The atmosphere can be divided into four layers based on temperature variations. The closest layer to the Earth is called the troposphere and it extends from Earth's surface up to 7 km (23,000 ft) at the poles, and about 17-18 km (56,000 ft) at the equator. Above this layer is the stratosphere which extends from the top of the troposphere to about 50 km (32 mi; 170,000 ft). The upper boundary between troposphere and stratosphere is known as the tropopause. Temperature variations in the four layers are due to the way solar energy is absorbed as it moves downward through the atmosphere. The Earth’s surface is the primary absorber of solar energy. Some of this energy is reradiated by the Earth as heat, which warms the overlying troposphere. The global average temperature in the troposphere rapidly decreases with altitude until the tropopause, the boundary between the troposphere and the stratosphere.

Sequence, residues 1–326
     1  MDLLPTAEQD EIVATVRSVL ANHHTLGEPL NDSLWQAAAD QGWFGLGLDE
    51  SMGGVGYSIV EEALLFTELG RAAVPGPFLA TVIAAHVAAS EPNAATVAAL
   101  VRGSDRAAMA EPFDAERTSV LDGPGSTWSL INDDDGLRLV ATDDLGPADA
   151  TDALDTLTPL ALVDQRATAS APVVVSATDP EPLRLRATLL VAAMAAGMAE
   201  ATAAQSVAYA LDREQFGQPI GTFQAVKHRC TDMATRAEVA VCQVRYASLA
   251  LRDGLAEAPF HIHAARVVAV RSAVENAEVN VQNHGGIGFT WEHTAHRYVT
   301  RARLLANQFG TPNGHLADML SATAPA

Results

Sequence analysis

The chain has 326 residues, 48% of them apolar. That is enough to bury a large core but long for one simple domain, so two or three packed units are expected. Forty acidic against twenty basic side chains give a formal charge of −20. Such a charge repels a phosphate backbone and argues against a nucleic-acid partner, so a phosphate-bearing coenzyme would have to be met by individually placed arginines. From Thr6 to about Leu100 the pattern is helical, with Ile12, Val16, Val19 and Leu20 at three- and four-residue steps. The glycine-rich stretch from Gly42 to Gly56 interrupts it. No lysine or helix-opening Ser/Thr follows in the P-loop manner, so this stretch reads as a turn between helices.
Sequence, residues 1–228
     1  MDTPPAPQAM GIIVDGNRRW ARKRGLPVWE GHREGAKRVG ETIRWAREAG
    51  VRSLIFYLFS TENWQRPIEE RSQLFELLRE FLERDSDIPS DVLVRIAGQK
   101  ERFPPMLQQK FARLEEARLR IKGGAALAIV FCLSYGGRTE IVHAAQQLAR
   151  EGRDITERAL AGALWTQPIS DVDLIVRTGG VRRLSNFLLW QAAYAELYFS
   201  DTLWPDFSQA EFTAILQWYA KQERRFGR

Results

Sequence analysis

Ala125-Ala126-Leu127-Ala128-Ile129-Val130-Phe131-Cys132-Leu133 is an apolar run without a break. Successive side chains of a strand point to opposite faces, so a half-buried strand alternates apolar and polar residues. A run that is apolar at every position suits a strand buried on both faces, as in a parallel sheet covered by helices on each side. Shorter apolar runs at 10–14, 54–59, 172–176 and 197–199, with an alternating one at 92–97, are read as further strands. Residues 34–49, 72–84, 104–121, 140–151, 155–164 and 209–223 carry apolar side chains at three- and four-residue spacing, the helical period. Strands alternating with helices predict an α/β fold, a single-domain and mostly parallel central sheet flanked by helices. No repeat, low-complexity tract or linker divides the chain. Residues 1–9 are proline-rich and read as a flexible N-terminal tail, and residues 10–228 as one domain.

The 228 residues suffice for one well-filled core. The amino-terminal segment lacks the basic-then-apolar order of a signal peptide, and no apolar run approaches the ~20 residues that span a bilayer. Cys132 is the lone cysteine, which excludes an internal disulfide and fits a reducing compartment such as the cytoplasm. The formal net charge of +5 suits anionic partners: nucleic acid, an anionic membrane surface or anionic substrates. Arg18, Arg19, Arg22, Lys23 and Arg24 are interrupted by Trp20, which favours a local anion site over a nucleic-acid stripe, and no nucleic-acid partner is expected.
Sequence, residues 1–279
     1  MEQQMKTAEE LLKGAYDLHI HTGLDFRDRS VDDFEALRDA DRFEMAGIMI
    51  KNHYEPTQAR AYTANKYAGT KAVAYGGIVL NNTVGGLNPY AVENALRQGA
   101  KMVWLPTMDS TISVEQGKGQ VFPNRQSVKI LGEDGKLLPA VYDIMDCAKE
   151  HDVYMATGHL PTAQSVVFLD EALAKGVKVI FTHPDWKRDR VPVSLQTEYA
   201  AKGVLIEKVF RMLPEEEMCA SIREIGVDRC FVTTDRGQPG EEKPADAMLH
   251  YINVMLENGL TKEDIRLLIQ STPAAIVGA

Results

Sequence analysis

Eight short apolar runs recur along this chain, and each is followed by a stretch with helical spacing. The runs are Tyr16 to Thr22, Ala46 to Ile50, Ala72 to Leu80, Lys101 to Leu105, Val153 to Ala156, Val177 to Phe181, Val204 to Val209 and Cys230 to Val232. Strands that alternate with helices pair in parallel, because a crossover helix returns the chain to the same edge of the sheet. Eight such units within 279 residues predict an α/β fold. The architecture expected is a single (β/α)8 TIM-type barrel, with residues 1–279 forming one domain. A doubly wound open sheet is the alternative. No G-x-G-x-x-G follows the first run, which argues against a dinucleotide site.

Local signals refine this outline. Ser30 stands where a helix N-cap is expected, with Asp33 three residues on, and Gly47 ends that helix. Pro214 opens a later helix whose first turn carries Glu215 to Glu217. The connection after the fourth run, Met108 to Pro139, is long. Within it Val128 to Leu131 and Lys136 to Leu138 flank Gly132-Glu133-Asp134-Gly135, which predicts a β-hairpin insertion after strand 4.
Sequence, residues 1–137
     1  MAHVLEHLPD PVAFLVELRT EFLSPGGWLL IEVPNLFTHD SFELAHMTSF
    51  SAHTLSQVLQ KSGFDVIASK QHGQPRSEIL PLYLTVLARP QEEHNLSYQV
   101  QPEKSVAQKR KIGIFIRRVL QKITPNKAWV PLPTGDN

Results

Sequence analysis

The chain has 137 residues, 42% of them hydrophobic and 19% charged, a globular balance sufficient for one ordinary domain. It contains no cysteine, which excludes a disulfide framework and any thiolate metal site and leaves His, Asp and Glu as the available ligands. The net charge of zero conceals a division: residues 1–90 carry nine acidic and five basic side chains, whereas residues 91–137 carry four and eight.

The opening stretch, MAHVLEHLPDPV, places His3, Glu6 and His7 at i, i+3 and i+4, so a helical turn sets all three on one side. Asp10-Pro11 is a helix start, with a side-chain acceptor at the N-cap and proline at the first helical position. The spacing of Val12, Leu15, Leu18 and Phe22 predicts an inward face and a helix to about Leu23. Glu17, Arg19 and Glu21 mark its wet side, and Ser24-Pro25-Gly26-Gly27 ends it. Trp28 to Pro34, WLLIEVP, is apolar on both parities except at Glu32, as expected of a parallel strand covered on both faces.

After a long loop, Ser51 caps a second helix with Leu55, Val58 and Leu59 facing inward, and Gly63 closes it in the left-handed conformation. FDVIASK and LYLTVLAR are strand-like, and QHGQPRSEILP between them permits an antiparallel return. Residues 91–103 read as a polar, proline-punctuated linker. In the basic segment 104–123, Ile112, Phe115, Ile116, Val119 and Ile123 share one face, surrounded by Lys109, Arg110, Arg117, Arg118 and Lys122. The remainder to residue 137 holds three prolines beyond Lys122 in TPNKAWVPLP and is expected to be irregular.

The temperature begins to increase with altitude in the stratosphere. This warming is caused by a form of oxygen called ozone (O3) absorbing ultraviolet radiation from the sun. Ozone protects us from most of the sun’s ultraviolet radiation, which can cause cancer, genetic mutations, and sunburn. Scientists are concerned that human activity is contributing to a decrease in stratospheric ozone. Nitric oxide, which is the exhaust of high-flying jets, and chlorofluorocarbons (CFCs), which are used as refrigerants, may contribute to ozone depletion.
At the stratopause, the temperature stops increasing with altitude. The overlying mesosphere does not absorb solar radiation, so the temperature decreases with altitude.
At the mesopause, the temperature begins to increase with altitude, and...
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...ng 65 mg/m3 above which concentration respirators must be worn. It is packed in glass ampoules (upto 50 ml), in metal cans and cylinders for direct use. Chloropicrin upto 2% is sometimes added, as a warning agent.
Environmental Pollution by S. M. shafi, Atlantic Publishers & Dist, 2005, ISBN : 812690366X, 9788126903665
Ozone Depletion and Climate Change: Understanding the Linkages by Angus Fergusson Meteorological Service of Canada Published by authority of the Minister of the Environment Copyright © Minister of Public Works and Government Services Canada, 2001 Catalogue No. EN56-168/2001E ISBN: 0-662-30692-9
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